As promised in the 2012 review article, we'll recap the 5 individual best and worst performing stocks of Magic Formula® Investing (NASDAQ:MFI) in 2012, along with some comments on each. The idea here is to try and identify any trends or lessons we can take from these individual stocks and apply to picking stocks from the screen going forward.
In this article, we'll cover the 5 best performing stocks of MFI in 2012. With no further ado...
In our review, we pegged LML worth about $3 a share, about where it was trading at the time. Subsequently, the stock fell to under $2 before receiving a buyout bid from Digital River (NASDAQ:DRIV) for $3.45/share, leading to this big gain. Buyout deals are a tremendous catalyst for big MFI gains, particularly for small cap stocks. The lesson here? Always carry some small caps in your MFI portfolio!
Expedia delivered over 100% gains in 2012, as travel volume boomed and Expedia continued to take share in the online travel market, delivering outstanding results for each quarter of the year. The company has always been one of the top dogs (along with Priceline (NASDAQ:PCLN)) in online travel, a secularly growing industry. The lesson? You can usually do well by picking the lead players in growing markets from MFI, especially where there are significant barriers to entry (in this case, a network effect).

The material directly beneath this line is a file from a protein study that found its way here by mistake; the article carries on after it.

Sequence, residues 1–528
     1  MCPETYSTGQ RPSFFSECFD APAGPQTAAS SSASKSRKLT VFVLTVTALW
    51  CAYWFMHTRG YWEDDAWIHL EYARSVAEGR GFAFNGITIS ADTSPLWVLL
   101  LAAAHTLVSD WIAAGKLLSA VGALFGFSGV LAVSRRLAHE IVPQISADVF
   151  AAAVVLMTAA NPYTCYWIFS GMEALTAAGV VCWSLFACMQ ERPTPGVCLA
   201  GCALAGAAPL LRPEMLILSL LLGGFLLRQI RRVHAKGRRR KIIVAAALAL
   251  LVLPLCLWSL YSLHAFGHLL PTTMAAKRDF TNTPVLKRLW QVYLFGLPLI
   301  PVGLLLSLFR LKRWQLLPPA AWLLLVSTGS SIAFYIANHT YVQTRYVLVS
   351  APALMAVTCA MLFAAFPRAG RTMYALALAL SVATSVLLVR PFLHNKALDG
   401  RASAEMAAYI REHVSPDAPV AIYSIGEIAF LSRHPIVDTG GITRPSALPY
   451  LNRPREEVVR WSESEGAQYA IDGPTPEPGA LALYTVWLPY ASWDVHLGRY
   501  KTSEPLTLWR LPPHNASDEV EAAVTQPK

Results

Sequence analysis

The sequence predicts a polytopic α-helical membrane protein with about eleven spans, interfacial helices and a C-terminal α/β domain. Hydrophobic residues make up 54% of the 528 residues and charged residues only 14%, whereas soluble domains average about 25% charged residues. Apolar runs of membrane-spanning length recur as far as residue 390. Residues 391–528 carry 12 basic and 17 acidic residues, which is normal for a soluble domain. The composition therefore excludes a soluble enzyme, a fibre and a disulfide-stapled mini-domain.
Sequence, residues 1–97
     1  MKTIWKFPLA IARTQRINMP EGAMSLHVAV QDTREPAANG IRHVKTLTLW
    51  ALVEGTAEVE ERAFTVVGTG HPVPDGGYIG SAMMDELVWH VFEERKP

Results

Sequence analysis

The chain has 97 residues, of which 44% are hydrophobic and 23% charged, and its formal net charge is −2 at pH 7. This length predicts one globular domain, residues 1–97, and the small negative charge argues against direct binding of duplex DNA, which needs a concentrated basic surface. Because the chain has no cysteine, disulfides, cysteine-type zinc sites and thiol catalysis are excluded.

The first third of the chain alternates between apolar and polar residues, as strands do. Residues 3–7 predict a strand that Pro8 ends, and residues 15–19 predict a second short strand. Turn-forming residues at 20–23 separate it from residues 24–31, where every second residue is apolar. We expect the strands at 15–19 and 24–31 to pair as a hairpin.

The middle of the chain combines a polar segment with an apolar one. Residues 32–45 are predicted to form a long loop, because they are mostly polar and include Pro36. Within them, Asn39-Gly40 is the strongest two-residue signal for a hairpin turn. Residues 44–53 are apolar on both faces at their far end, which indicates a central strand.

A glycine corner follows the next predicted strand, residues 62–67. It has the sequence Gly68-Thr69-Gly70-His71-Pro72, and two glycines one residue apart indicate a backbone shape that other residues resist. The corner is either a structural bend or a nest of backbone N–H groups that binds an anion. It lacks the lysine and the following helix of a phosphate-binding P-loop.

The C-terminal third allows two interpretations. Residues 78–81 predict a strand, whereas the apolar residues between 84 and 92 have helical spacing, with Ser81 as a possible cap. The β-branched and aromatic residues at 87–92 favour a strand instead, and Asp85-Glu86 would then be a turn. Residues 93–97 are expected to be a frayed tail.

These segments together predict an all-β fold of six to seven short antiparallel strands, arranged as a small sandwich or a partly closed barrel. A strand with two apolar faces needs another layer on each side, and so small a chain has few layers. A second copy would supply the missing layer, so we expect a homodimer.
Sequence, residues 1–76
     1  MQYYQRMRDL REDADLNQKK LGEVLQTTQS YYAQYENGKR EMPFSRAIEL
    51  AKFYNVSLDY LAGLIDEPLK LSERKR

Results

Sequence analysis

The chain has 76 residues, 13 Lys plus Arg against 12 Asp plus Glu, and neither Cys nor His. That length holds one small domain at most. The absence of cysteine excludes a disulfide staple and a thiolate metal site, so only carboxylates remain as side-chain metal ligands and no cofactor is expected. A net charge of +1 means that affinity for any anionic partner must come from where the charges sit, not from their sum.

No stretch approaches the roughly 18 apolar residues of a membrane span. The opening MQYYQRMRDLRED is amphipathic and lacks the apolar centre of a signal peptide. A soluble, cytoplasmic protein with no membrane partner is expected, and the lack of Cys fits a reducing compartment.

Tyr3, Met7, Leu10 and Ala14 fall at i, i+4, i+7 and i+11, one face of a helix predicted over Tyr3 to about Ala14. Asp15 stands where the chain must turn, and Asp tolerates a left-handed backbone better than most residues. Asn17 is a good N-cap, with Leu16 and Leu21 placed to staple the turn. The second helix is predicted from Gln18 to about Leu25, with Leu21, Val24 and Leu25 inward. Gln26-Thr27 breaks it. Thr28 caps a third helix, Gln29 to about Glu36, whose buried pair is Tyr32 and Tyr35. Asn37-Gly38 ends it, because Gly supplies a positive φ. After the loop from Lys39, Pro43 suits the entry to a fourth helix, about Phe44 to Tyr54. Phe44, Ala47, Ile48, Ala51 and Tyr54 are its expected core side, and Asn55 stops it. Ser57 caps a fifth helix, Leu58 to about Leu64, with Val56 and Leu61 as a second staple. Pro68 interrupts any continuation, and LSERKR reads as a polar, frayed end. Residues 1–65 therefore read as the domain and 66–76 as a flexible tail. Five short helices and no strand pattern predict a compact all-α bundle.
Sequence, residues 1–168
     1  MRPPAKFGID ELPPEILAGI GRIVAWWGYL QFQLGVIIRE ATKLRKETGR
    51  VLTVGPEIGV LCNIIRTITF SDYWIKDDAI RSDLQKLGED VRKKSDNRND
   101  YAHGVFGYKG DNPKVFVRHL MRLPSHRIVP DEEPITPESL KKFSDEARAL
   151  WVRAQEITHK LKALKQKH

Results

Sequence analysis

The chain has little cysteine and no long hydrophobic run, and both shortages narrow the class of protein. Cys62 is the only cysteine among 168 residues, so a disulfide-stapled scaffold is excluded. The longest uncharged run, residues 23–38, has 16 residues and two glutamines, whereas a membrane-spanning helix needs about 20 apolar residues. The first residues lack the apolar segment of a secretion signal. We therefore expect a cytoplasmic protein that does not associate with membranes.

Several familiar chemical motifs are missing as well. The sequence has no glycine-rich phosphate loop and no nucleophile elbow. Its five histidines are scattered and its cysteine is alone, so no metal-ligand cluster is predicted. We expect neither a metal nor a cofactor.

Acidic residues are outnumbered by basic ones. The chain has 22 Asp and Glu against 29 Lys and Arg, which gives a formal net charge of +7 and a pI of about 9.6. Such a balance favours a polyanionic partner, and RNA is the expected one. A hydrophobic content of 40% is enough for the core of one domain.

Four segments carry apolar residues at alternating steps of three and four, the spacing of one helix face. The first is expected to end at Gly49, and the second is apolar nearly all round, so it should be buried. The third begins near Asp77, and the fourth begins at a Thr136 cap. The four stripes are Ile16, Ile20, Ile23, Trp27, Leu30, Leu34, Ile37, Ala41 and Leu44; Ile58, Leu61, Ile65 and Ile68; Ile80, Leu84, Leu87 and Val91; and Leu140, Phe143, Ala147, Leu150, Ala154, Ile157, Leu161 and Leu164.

Trading in the mid-$4 range for much of the first half of the year, Osiris took off on several news items in the May-July period where it won reimbursement for its stem cell based wound care matrix Grafix, along with initial approvals for Prochymal. It is not unusual to have small, early stage pharmaceutical companies from MFI do both very well and very poorly every year. The lesson? Don't be afraid to pick a few of these from the screens, but don't expect to be able to predict how they will do, either!
Cray had an unbelievable year. The company sold its interconnect business to Intel (NASDAQ:INTC), netting $140 million in cash (over half the firm's market cap at the time!) and a closer relationship with a key partner. Then a steady stream of deals culminated in the acquisition of Appro, a key competitor, in November. The lesson? Cray has always been a leader in a very niche market where competition is limited and barriers to entry are significant. This is a nice profile to look for in MFI stocks.
Trading in the high $1 range for most of the year, Acadia's rise is due to a single event:successful Phase III results from their lead Parkinson's drug, Pimavanserin, which more than doubled the stock price on November 27. This was a rather unexpected development (see our write-up through the above link), but the lesson here is similar to Osiris - don't be afraid to carry a few dev-stage pharmaceuticals, but if you are going to pick them, pick several and keep individual positions fairly small.
Disclosure: Steve owns no stocks referenced here.